Tensions over Iran may be helping to push up oil prices as traders worry about a widespread embargo on the country’s crude oil but markets in neighbouring Gulf energy-rich economies are not benefiting.
One year after the Arab Spring started in Tunisia, investors remain sensitive to political risk in the Middle East.
As political unrest once more seems to be a feature of the new year, with Nigeria and Romania among countries to experience protests, and the death toll continuing to rise in Syria, an increase in violence in Iraq is unnerving investors.
U.S. troops left Iraq at the end of last month, and on Dec 22 there were more than 10 coordinated bombings, followed by several further attacks this year.
LONDON, Jan 12 (Reuters) – Holders of Kazakh bank
BTA’s Eurobonds said on Thursday they are considering
forcing early repayment on BTA’s senior debt if the bank goes
into default next week, potentially allowing other creditors to
demand repayment of up to $8 billion.
They were speaking to Reuters a day after Anvar Saidenov,
chairman of BTA which is 81.5 percent owned by the country’s
sovereign wealth fund Samruk-Kazyna, effectively quashed any
hope that $160 million in coupons, originally due Jan. 3, would
be paid within a 10-day grace period.
LONDON, Jan 9 (Reuters) – Emerging stocks rose
slightly on Monday ahead of a meeting between French and German
leaders on euro zone growth, while the Turkish lira strengthened
on expectations of more central bank support.
Emerging markets, which underperformed developed markets
last year, are sensitive to swings in risk appetite due to the
euro zone debt crisis. Deleveraging by western European banks is
also seen hitting emerging Europe.
This time last year it was Ivory Coast, and today it was Kazakh sovereign wealth fund-controlled BTA bank which failed to pay $160 million in coupons on its debt.
In late 2009, Ukrainian state energy firm Naftogaz restructured its debt, the same year government-owned Dubai World declared a standstill on coupon payments.
LONDON, Jan 4 (Reuters) – Hungary’s forint hit a
record low on Wednesday as investors fretted about the country’s
access to international funding, while Kazakhstan’s BTA Bank
failed to make $160 million in coupon payments, raising a
The forint fell 1 percent against the euro, Hungarian
domestic and foreign debt yields soared and the country’s debt
insurance costs hit record highs for a second day on fallout
from recent political developments.
ALMATY/LONDON, Jan 4 (Reuters) – BTA,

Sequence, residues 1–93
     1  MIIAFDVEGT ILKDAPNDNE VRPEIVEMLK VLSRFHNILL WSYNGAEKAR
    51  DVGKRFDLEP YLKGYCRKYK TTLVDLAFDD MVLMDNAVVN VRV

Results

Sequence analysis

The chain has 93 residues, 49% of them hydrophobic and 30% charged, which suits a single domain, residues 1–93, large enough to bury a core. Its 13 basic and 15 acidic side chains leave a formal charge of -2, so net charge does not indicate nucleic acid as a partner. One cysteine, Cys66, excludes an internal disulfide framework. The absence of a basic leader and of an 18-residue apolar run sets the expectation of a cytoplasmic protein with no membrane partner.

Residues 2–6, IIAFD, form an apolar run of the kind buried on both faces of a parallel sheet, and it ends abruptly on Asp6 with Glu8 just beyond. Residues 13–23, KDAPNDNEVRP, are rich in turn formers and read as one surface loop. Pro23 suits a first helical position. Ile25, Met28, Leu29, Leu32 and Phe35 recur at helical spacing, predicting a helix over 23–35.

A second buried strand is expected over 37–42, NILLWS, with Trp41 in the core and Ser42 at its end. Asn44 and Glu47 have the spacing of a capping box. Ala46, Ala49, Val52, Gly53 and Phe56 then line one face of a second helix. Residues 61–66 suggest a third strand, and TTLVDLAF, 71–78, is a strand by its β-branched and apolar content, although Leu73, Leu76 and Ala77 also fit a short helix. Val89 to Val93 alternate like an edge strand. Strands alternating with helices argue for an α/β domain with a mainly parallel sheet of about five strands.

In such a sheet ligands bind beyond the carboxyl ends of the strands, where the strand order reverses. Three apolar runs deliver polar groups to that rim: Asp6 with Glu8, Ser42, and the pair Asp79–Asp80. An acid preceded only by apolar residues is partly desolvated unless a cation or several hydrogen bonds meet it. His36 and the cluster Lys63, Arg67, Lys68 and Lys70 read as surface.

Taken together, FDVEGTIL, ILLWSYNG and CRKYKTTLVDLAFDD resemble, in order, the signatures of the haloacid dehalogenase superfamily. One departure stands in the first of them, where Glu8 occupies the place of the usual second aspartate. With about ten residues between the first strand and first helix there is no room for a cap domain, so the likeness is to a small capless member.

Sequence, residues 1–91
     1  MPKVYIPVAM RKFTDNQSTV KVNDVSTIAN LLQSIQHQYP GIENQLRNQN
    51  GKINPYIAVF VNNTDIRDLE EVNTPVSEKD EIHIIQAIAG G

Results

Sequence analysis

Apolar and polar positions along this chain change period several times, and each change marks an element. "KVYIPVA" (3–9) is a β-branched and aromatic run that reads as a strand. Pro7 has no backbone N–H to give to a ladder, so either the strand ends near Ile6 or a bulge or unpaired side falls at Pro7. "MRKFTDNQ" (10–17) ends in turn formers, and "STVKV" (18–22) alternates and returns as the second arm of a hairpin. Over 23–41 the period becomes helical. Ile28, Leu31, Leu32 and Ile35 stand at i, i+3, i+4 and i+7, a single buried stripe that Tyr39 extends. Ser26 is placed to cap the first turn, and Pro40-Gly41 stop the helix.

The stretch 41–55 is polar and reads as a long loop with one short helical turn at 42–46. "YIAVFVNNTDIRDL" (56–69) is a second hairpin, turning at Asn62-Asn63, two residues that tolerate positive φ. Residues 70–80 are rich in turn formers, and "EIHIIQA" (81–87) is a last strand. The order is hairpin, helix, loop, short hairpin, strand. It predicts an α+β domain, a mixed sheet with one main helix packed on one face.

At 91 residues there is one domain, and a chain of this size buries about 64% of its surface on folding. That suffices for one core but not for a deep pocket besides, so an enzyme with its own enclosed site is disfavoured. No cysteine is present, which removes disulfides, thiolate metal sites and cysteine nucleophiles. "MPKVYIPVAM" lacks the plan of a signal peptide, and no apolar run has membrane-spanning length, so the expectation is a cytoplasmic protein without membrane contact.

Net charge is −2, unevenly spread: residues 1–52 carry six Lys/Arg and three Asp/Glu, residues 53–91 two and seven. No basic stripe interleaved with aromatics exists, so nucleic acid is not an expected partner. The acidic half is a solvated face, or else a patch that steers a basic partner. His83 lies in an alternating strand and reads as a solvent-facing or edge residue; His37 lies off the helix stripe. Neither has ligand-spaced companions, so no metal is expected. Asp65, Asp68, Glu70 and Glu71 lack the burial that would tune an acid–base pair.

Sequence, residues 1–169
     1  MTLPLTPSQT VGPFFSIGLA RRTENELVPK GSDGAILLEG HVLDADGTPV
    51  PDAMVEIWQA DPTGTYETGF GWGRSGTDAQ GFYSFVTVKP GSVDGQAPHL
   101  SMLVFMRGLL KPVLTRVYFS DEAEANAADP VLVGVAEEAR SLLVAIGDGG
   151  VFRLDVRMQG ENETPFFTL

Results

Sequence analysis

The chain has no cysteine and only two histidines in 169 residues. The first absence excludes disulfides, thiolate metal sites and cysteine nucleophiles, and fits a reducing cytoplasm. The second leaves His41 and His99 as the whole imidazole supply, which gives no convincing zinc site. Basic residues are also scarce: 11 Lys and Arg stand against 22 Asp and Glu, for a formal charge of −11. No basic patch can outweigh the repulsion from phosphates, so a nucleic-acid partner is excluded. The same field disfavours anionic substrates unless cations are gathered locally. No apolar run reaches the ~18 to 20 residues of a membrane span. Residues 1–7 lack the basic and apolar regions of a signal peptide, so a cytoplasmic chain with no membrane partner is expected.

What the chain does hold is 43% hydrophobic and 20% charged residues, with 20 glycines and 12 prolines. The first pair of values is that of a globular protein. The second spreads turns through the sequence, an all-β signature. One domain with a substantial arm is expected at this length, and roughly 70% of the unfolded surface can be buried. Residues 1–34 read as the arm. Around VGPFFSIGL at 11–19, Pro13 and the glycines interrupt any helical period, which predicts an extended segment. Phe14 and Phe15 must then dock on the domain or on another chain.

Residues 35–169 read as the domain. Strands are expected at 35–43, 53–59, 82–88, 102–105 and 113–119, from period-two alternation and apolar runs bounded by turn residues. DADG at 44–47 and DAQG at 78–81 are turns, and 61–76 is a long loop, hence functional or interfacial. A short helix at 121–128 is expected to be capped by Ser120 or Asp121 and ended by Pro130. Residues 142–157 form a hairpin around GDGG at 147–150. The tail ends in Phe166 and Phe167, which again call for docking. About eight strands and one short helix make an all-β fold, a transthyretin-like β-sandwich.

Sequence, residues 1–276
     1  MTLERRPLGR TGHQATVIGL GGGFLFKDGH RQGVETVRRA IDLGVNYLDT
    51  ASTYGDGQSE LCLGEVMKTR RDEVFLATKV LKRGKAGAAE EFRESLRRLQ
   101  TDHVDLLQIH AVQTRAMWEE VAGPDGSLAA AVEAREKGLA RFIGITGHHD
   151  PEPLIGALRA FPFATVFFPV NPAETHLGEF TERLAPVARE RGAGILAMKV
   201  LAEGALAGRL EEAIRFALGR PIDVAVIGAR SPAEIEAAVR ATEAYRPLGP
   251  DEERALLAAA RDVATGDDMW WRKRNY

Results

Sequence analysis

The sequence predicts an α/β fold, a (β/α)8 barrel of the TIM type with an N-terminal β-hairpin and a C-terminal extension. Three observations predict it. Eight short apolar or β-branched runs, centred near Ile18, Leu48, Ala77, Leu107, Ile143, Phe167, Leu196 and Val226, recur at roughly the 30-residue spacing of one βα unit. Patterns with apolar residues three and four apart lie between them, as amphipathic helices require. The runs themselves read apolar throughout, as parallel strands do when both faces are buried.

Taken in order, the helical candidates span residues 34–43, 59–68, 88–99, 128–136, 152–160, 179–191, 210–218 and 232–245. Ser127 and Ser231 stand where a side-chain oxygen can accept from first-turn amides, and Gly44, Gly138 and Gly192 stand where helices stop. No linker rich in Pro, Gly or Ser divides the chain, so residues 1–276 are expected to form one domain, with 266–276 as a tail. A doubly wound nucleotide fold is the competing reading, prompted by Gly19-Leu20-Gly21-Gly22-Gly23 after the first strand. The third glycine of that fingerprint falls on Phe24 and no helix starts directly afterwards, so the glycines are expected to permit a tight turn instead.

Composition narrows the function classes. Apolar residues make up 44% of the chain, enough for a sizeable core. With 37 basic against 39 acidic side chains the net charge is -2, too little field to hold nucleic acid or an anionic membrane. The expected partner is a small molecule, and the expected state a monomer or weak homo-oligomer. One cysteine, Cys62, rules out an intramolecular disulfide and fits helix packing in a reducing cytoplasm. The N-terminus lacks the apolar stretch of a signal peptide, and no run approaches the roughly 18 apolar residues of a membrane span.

Kazakhstan’s third-largest bank by assets, missed a Jan. 3
deadline to make around $160 million in coupon payments and
risks default if it fails to pay within a grace period of 10
working days, three sources said on Wednesday.
BTA, majority owned by Kazakhstan’s sovereign wealth fund,
had warned investors that it might be unable to make payments on
time as it prepares to persuade creditors to accept a second
debt restructuring at a shareholders’ meeting set for Jan. 26.
Indonesia is the only major emerging stock market to have posted any real gains in 2011, a year in which the broad MSCI emerging stock market index lost 20 percent and underperformed developed markets in a flight from risk.
But for Indonesia, which many say should turn the BRIC club into BRIIC, last year was one of surging growth, with the world’s largest coal exporter helped by rising commodity prices.
Distressed debt broker Exotix, which specialises in the kind of bonds most of us are too risk-averse to touch, recommends buying North Korean defaulted debt following the death of Kim Jong-il.
Stuart Culverhouse, chief economist at Exotix, says the debt, which matures in 2020 but could be rolled over if holders agree, could reach 20-22 cents on the dollar near-term, from 14-18 now.
Index compiler MSCI will announce tonight at 2300 GMT whether or not Qatar and United Arab Emirates get an upgrade to the firm’s flagship global emerging market stock index from their current slots in the frontier market index.
If any Qatari or UAE stocks get into the index, they are likely to make up only a small percentage of the benchmark, which has heavy weightings for countries like the BRIC nations and South Korea. But the move would attract investment from the many funds who measure their performance against the index, and might prefer not to deviate too far from it.